Legislation aims at protecting pets | SierraSun.com
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Legislation aims at protecting pets

Court Leve/Sierra SunA dog is stranded near a house in New Orleans after Hurricane Katrina. Proposed legislation will require offices of emergency services to have animal evacuation plans for emergencies.
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Two bills moving through the California Legislature aim to protect pets by implementing emergency evacuation plans and limiting the time dogs can be tethered.

Under the proposed bills, if a massive wildfire, flood or earthquake hit the Truckee-Tahoe area, emergency officials would have additional duties beyond evacuating or caring for people and property. Assembly bill 450, which is pending in the California Legislature, would require the Office of Emergency Services to include animals in their operational plans.

There is an unofficial organization of volunteers already in place in western Nevada County that assists with animal evacuation and rescue, said Nevada County Supervisor Ted Owens, but it is unclear what group or organization would assist in Truckee.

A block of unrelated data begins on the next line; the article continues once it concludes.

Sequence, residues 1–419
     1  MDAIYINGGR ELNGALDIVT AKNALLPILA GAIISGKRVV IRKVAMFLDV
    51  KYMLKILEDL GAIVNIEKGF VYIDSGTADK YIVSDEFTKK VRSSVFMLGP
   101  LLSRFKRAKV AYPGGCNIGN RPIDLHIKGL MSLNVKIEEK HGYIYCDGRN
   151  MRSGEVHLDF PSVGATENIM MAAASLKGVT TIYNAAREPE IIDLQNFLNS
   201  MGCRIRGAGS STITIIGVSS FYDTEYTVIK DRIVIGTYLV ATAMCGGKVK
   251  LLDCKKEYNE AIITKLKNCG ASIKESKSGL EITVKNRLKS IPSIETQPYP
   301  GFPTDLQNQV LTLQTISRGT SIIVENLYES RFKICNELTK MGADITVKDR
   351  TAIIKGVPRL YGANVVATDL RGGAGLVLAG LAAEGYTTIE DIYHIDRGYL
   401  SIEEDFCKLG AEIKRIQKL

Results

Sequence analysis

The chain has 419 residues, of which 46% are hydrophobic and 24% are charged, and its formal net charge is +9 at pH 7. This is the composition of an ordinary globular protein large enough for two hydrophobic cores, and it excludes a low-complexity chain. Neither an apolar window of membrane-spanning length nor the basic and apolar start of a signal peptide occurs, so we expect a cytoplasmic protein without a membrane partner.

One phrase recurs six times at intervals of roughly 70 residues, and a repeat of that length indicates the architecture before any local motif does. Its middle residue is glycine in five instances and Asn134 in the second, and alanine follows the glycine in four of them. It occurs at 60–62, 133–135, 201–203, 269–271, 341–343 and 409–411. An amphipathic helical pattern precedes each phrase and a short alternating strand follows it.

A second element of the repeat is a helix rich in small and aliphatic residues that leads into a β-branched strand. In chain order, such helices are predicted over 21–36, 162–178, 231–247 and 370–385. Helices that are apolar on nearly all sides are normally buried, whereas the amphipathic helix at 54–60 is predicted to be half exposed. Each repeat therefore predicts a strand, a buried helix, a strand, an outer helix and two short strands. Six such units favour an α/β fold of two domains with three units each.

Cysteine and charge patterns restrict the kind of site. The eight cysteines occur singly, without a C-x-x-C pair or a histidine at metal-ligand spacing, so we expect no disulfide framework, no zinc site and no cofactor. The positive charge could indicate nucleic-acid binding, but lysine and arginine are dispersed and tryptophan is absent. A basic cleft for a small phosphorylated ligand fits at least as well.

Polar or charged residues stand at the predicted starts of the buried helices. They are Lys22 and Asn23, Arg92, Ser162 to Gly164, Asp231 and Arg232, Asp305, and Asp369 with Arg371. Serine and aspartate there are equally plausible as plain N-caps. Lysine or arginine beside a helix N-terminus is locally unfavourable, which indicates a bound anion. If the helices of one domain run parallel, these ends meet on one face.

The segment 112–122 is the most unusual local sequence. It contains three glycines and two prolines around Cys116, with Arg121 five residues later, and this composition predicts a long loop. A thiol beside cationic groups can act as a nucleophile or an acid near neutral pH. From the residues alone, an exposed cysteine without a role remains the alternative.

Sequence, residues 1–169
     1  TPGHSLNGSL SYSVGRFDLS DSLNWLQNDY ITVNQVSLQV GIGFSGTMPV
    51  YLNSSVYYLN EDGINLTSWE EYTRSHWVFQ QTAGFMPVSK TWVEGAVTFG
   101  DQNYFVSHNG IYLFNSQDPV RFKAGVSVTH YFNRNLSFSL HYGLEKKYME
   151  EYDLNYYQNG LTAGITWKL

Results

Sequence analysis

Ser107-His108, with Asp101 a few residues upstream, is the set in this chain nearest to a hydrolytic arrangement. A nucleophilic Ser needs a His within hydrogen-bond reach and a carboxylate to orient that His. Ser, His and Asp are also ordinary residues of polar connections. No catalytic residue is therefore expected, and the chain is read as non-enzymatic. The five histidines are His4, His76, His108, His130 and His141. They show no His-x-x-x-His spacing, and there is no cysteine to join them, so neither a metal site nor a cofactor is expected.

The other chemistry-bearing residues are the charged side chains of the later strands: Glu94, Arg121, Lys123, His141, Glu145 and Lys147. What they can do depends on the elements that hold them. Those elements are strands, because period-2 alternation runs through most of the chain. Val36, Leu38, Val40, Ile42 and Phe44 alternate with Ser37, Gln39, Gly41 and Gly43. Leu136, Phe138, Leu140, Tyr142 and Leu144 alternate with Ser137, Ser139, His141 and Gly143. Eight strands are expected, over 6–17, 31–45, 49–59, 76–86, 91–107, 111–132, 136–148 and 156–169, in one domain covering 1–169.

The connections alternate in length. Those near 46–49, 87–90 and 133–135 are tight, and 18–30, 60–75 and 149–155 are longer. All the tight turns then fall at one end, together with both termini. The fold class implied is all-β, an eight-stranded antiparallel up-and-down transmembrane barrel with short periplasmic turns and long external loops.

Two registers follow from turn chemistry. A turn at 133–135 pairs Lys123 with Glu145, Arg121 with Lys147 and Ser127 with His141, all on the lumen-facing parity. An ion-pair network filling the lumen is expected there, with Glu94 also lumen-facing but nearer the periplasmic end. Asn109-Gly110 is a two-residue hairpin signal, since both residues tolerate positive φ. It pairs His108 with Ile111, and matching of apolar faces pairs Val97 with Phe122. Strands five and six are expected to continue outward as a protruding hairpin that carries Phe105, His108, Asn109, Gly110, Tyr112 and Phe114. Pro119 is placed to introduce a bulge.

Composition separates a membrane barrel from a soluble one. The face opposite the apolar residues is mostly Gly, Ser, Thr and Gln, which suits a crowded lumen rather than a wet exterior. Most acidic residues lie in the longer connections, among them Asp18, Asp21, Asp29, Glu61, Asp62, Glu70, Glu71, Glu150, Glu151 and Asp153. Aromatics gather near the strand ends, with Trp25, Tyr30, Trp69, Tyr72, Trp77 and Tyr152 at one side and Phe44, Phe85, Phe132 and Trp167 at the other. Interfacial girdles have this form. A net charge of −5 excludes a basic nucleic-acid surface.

In Placer County, as a part of an emergency operations plan approved by the board of supervisors in 2004, the boarding of animals for displaced persons, coordination of veterinary care and reuniting of animals separated from their humans is handled by a coordinated effort between the Office of Emergency Services and local animal services, according to Public Information Officer Anita Yoder.

The state’s proposed legislation, sponsored by Assemblyman Leland Yee, D-San Francisco, passed the Assembly 76-1. It was approved by the Senate Government Organizations Committee on June 14 and now heads to the full Senate.



The bill came about in reaction to Hurricane Katrina, in which many displaced Gulf Coast animals were stranded as residents either scrambled for their own safety or felt helpless in the storm flooding.

Despite critics’ contention that taxpayers should not have to shoulder the burden of evacuating animals, Yee said, “It is important that we consider animals in our disaster planning as they play a critical role in our lives and our economy.”

Meanwhile, the Senate has passed SB1578, which prohibits a person from tethering, fastening, chaining, tying, or restraining a dog to a dog house, tree, fence, or other stationary object for more than three hours in a 24-hour period.

Dogs that are tethered, especially in isolation, suffer sadness, boredom and loneliness, according to the American Society for the Prevention of Cruelty to Animals.

The bill, which was sponsored by the California Animal Association, will now go to the Assembly. If passed, tethering a dog for an extended period could result in misdemeanor charges punishable by a fine not to exceed $1,000, and/or up to six months in jail.


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